Glossary | Telescopes | Optics | Focal length
Compared to the aperture, the focal length of a telescope is not such an important parameter. The following rule applies: the longer the focal length, the less the image needs to be enlarged with an eyepiece. Higher magnification is therefore possible with a telescope with a long focal length. But the field of view is however smaller.
Telescopes with a long focal length are generally more stable and less susceptible to optical aberration, since the light is less refracted and needs to be reflected through a smaller angle in order to reach the focal point.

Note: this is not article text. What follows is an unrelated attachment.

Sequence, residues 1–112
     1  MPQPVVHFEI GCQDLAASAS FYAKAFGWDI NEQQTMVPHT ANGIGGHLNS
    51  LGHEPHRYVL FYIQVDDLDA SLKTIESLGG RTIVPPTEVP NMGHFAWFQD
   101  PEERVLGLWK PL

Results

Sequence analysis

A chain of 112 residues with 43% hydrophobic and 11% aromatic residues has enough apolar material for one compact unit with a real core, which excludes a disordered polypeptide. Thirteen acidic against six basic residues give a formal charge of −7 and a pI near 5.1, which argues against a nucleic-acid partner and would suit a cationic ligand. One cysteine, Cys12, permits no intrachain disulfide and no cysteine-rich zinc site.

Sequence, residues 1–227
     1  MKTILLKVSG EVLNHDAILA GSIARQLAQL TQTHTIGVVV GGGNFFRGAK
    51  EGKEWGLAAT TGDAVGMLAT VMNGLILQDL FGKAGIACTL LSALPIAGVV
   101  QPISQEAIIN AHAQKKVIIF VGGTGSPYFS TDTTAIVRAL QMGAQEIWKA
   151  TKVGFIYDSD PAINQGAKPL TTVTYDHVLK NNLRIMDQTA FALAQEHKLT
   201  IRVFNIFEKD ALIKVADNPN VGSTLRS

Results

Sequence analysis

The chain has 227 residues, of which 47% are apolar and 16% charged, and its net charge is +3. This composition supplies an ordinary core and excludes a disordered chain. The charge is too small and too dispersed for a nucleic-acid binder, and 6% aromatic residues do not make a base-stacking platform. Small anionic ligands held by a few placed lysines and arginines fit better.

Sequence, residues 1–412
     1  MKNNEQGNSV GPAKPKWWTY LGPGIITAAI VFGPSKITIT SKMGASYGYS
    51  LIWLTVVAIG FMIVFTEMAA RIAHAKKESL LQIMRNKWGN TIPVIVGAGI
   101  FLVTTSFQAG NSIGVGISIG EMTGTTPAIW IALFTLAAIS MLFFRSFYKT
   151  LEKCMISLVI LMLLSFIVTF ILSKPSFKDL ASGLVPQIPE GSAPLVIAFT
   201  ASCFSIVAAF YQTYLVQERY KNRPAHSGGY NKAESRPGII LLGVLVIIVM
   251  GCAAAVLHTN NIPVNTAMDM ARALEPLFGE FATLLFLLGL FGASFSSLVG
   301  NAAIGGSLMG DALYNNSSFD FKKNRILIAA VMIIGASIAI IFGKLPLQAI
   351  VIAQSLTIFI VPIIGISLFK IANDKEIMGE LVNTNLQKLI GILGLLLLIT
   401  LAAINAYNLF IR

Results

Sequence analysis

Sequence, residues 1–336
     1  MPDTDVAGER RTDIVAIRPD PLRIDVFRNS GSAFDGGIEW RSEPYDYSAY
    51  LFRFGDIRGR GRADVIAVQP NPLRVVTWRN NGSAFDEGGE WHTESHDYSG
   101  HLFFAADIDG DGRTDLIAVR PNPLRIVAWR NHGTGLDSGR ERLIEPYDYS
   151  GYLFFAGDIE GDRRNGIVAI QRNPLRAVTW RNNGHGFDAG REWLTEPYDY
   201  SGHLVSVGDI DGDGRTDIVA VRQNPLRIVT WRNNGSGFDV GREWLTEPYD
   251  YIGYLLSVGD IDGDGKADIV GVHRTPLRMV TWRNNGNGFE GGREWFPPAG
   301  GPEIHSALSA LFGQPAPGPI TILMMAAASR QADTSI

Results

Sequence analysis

In contrast, telescopes with a short focal length are faster. They display a brighter image and, for astrophotography, require a shorter exposure time for the same result. However the decisive characteristic for the "speed" of an optics, is not just the focal length, but also the aperture ratio, that is the ratio of aperture to the focal length. There is a separate glossary entry relating to aperture ratios.